Trendy cafes owned by expert baristas at the sidewalk of the city area to wobbly coffee carts at every ten steps, it is hard not to get entwined in the intoxicating aroma of coffee in Thailand.

Although Thailand is relatively a young player in the coffee industry, today, it has become one of the leading producers of coffee in the world. Producing 42,000 metric tons (93,000,000 pounds) of coffee means Thailand supplies the world with about 0.4% of its coffee.

It all started in the 1970s, when coffee in the northern border region, along with Burma and Laos (The golden triangle), was introduced as a cash crop by the royal family of Thailand to replace opium poppies.  Thai/United Nations Crop Replacement and Community Development Project initiated experimentation of replacing opium with coffee cultivation.

Since then, the mass production and high yield have helped improve livelihoods and build more public facilities, such as schools and hospitals in the community.

Commonly renowned as the coffee capital of Thailand, Chiang Mai is the home of the Royal Coffee Research Centre and Arabica Association of Thailand.

Two types of coffee are produced, specifically, arabica in the Chiang Mai province in northern Thailand and Robusta in the southern parts of Thailand. The Arabica coffee plant thrives in areas of heavy rainfall and higher elevations, so the hill tribes of Thailand are ideal for producing it.

In previous years, Robusta was known as the main coffee bean in Thailand, but nowadays, Thailand’s farming focuses on the more exportable Arabica beans. Arabica is more popular because of the sweeter and smooth flavours and is now more common in coffee shops.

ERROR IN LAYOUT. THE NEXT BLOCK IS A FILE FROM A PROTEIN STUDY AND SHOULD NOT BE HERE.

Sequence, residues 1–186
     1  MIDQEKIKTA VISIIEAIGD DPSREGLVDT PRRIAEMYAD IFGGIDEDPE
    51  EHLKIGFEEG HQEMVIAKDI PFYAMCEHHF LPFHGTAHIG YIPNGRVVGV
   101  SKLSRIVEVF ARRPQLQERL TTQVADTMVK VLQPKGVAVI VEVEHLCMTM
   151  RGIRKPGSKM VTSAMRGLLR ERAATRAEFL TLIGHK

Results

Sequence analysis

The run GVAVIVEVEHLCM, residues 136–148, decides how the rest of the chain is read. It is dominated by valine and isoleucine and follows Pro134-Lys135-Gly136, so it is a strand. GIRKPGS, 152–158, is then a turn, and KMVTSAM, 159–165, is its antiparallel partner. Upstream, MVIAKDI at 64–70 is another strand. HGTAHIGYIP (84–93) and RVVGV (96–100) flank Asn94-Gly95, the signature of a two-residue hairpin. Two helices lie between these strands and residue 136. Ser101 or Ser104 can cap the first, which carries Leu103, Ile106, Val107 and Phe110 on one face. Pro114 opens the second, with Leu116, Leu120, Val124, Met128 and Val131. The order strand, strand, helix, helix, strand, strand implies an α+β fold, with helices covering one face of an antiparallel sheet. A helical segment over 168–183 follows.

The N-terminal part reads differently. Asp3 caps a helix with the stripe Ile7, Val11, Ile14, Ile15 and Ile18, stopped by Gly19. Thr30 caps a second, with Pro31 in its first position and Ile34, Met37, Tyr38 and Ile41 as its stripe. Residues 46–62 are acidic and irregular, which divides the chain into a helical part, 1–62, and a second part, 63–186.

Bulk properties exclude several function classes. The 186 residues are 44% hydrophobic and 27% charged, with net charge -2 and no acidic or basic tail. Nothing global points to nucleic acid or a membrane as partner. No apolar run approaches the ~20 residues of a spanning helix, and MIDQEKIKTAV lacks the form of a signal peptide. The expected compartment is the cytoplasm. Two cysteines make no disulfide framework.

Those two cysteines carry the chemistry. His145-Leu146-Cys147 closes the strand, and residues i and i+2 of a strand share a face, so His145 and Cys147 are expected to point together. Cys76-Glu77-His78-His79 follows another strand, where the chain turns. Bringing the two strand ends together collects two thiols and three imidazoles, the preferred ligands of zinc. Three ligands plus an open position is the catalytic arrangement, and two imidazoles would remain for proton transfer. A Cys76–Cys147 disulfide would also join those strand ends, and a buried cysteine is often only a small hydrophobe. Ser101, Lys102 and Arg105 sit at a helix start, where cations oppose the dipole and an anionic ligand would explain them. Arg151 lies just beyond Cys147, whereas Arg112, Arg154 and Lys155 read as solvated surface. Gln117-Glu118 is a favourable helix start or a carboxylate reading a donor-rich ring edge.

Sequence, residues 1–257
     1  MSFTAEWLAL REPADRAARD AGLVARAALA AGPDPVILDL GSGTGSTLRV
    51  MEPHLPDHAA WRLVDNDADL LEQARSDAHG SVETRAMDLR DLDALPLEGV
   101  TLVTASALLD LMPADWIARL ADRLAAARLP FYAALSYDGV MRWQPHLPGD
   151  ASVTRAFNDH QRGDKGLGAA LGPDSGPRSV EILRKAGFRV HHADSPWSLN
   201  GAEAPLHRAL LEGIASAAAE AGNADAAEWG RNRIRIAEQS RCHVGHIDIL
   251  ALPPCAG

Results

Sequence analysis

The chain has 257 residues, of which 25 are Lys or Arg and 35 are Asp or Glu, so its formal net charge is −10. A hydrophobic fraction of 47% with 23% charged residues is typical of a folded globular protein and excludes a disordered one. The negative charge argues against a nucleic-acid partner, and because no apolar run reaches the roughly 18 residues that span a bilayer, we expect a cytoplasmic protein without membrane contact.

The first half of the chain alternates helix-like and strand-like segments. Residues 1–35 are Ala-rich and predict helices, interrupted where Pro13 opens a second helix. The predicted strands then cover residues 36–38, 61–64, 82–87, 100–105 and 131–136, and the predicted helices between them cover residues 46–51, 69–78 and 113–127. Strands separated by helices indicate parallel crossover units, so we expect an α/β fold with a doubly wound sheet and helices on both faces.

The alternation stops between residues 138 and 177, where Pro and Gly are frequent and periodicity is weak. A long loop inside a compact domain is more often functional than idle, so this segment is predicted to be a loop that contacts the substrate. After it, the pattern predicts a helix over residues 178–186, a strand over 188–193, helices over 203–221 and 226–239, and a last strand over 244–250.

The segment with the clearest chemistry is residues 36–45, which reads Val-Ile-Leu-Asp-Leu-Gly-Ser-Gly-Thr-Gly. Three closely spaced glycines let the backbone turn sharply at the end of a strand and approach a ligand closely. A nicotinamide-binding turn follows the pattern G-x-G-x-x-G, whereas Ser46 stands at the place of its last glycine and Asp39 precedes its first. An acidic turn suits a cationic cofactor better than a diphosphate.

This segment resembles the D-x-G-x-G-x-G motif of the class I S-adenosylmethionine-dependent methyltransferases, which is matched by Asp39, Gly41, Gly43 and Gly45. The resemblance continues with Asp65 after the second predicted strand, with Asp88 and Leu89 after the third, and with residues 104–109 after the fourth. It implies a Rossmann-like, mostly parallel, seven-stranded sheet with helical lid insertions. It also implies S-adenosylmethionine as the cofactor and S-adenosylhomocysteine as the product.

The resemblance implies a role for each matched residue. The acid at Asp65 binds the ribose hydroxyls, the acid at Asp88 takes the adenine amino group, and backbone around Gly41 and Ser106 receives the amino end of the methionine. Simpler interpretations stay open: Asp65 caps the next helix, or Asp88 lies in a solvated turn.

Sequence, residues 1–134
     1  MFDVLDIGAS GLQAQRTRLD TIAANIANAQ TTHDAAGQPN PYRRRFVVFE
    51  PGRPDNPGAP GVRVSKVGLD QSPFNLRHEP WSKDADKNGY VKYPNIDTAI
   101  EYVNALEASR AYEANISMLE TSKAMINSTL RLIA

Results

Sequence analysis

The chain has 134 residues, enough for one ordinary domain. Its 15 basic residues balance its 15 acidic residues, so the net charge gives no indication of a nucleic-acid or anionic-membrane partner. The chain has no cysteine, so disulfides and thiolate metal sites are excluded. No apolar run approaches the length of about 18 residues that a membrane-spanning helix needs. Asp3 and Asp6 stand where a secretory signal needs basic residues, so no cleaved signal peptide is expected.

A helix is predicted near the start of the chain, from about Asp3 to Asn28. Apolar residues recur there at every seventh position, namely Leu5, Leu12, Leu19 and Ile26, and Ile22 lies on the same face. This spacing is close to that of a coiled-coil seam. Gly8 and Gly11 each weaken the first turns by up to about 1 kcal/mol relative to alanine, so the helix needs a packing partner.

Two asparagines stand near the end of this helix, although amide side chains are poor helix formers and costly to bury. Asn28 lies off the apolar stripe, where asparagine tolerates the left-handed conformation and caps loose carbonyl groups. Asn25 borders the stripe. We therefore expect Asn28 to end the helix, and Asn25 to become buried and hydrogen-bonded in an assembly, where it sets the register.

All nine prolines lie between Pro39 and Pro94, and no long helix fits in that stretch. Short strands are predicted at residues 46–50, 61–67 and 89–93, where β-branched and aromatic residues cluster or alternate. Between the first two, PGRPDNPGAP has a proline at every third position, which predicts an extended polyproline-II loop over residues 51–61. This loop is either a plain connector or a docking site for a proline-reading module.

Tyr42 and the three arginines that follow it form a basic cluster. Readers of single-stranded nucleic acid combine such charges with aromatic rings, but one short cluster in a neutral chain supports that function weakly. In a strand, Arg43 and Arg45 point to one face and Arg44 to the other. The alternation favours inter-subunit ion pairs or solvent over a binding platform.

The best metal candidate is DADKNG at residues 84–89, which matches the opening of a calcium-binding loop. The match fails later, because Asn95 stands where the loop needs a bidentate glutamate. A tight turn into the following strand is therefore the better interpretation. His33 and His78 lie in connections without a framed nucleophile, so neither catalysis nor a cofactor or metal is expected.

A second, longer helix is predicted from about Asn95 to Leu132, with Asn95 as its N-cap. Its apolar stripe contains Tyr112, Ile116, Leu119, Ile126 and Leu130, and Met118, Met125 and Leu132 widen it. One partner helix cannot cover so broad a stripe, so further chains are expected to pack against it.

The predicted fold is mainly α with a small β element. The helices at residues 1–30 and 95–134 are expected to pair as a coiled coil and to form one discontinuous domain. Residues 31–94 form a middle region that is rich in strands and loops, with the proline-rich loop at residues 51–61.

As the coffee industry began to thrive in Thailand, some larger corporations began to exploit – the land and farmers. However, direct and fair trade gained popularity, and more and more people began to see its benefits. Direct and fair trade helped the local farmers receiving a wage appropriate to their work. (Source)

The excellent quality of coffee, produced today alongside the culture of sustainability, has resulted in Thailand, emerging as one of the leading countries for coffee production in Asia.

Oliang (Thai Iced Coffee), P.C.: Thai Food Online.

Despite the presence of the major worldwide coffee chains, such as Starbucks across the country, the independent cafés in Bangkok and Chiang Mai are cherished by the Thai people.

Whether it is iced coffees mixed with condensed milk, small espresso Nescafe cans or a straight-up cappuccino, the coffee scene is very much an integral element of Thainess.